Returning to Vietnam was no sentimental journey for Bob Ruybal after 50 years.
Ruybal, 71, of North Port, was a member of the 101st Airborne Division chewed up on “Hamburger Hill” by North Vietnamese Army units in May 1969.
“I had no desire to go back to Vietnam. When I returned from Vietnam we were spit on and cursed at by our own people,” he said. “Karen, my wife, was the one who always wanted me to go back. We’ve been married 47 years. We became pen-pals during the war. When I returned from war we got married.”
This year, his wife booked an eight-day package tour of the country that included airfare, first-class accommodations, food and in-country transportation for two for a total of $2,145.
“It was a 17-hour flight from Los Angeles to Taiwan,” Ruybal said. “We had an hour layover and then we flew into Ho Chí Minh City (Saigon, South Vietnam).”
When he stepped out of the plane in Ho Chí Minh City, he expected to smell the gas fumes and napalm like what he smelled when he got off the plane 50 years ago.
In those days helicopters were going through the air and jets were flying over and the military was everywhere.
This time, he was impressed, and was’t overwhelmed by the fumes produced by the military; it smelled like Florida.
“When I left Saigon in 1969 it was a war zone. Biên Hòa, where I was stationed with the 101st, was right next to Long Biên Airfield.”
Today, Biên Hòa is a beautiful resort town with a golf course.
“Our guide who came with us was from Hanoi,” Ruybal said.
He explained after the war ended in 1975 and the U.S. pulled out, the country fell to North Vietnam within six months. During the next 10 years South Vietnam became a Communist-run country dependent on Russian foreign aid.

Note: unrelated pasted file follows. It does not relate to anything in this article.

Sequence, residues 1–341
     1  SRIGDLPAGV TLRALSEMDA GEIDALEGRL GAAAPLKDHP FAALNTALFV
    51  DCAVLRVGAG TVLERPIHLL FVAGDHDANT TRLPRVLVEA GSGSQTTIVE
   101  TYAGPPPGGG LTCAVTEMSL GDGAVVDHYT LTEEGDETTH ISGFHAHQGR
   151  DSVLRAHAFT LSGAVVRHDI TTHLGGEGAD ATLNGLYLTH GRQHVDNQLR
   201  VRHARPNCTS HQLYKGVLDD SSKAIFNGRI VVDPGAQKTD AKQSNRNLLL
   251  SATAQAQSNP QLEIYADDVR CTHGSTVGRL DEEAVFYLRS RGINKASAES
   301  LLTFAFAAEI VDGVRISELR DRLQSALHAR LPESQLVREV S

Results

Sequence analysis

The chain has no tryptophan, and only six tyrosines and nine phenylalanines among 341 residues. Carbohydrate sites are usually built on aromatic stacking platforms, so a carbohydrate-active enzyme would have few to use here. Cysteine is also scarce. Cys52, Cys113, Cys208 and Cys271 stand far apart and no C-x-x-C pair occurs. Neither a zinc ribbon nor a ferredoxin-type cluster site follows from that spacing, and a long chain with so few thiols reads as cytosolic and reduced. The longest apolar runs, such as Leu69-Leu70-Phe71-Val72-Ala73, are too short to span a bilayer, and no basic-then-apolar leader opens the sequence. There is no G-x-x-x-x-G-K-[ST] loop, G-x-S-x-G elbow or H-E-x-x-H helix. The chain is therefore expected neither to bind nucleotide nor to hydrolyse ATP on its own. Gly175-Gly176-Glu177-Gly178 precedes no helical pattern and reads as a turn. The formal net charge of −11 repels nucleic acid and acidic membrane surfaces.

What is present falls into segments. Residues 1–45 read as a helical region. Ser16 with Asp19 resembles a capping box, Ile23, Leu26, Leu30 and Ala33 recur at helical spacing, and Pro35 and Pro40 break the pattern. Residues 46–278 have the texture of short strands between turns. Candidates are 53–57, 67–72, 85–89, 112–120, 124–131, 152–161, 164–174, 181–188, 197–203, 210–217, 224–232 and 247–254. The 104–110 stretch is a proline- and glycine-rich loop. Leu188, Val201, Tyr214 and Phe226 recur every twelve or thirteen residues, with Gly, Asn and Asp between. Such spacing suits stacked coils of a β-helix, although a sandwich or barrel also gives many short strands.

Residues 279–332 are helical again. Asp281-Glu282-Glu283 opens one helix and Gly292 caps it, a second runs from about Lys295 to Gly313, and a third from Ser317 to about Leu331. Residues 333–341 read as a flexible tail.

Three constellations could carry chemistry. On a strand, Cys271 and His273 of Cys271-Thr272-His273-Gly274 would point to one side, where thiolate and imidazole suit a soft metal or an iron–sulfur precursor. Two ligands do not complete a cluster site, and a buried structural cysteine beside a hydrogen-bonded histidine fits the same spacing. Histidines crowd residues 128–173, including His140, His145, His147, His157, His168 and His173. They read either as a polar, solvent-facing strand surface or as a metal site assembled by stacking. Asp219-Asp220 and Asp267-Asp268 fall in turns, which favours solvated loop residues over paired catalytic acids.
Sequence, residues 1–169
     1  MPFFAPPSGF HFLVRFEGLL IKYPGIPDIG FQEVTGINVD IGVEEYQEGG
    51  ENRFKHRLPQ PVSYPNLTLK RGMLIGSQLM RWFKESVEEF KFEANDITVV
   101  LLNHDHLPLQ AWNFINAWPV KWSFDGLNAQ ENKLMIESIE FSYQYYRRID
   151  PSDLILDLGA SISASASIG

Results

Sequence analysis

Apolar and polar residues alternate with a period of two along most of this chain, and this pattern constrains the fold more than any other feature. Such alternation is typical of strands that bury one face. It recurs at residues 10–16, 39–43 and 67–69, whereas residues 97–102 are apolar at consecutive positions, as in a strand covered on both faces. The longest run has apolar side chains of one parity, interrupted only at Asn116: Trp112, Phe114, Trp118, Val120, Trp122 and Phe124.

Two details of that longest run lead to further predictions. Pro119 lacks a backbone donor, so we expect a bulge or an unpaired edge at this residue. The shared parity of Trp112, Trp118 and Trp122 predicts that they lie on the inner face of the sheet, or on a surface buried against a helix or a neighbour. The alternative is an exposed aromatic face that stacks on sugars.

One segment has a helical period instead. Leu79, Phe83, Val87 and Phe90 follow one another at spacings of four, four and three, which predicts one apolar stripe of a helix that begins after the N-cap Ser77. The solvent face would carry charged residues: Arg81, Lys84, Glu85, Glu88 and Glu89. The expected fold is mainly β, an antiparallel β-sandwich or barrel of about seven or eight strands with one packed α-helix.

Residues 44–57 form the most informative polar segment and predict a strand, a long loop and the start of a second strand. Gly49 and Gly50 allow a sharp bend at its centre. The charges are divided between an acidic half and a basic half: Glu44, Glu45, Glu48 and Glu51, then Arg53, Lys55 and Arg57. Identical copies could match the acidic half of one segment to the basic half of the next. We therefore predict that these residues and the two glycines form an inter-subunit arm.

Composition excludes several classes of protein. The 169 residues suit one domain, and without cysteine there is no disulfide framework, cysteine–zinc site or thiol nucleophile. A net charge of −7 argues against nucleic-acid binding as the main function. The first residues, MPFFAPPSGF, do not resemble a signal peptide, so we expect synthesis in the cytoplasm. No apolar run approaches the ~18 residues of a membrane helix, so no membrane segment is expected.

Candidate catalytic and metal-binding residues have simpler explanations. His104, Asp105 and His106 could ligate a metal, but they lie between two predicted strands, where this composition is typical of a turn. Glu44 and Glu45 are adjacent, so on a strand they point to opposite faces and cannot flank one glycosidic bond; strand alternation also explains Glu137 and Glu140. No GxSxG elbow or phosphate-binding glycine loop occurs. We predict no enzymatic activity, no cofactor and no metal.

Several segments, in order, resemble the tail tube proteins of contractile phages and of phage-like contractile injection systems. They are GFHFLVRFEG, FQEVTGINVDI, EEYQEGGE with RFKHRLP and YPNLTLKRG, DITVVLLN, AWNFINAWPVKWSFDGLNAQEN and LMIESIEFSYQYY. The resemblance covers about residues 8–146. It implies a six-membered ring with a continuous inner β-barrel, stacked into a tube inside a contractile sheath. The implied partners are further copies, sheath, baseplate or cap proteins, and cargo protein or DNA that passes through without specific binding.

Then the Russian aid stopped and things got really tough for the people of South Vietnam. If a family was given 10 chickens to raise and the chickens produced 10 eggs a days the family had to return nine of the eggs to the government. It could only keep one.
If the family slaughtered one of their chickens it got to keep the neck, feet and wing tips. The good parts were returned to the government.
After 20 tough years, the Vietnamese government was unsustainable as a communist entity. At that point, under a new Communist chairman, the country became a combination communist-capitalistic regime. Then the country was opened to trade from around the world.
Lots of big American companies invested in Vietnam. Canon camera from Japan came to Vietnam and so did other firms from South Korea. Vietnam today is one of the top five countries in the world where Americans go to retire in the Central Highlands. Living is so affordable and safe.
“We had dinner one night at our five-star hotel on the roof-top in Ho Chí Minh City. A complete meal with hors d’oeuvres, main meal, desert, and drinks came to $21 total for both of us. On our tour we spent four days in Ho Chí Minh City. The people were so friendly,” Ruybal said. “Saigon is a beautiful, cosmopolitan city much like many big cities in the U.S.”
“Then we spent a day on the Mekong Delta in the south of the country. We took a river boat up and down the the channels where our patrol boats went during the war.”
“Our group was offered a tunnel tour when we flew to Hanoi. I said, ‘no’ because I lived through that during the war and I didn’t want to do it again.”
Hanoi was a completely different experience than Saigon. It’s an old city influenced by the Chinese and less influenced by the French like down south.
“We took a five-hour drive to Long Bay, a beautiful resort area on the South China Sea near Hanoi. We spent time driving around there. H Long Bay has these gorgeous mountains coming out of the middle of the bay.
“Karen and I saw the changing of the guard at Ho Chí Minh’s mausoleum in Hanoi,” Rubyal said. “It is very similar to Arlington. They have a changing of the guard on the hour. It’s very respectful and very nicely done.
Ho Chí Minh died three years before the end of the Vietnam War. His goal was to be buried in Saigon. When the war ended, after his death, they kept his body in Hanoi and renamed Saigon Ho Chí Minh City, in his honor.
“I’m so thankful we didn’t destroy that country. It’s recovered and is thriving. The people of Vietnam have no animosity toward the U.S.”
Looking back on their trip to Vietnam, Ruybal said, “Karen knew what effect the war had on me. All these years I said, ‘No, no, no. I didn’t want to go back.’ I’m so thankful she convinced me to go. I would highly recommend that anyone who fought there during the war and has bad memories of the place should make the trip. It’s worth every second of it.”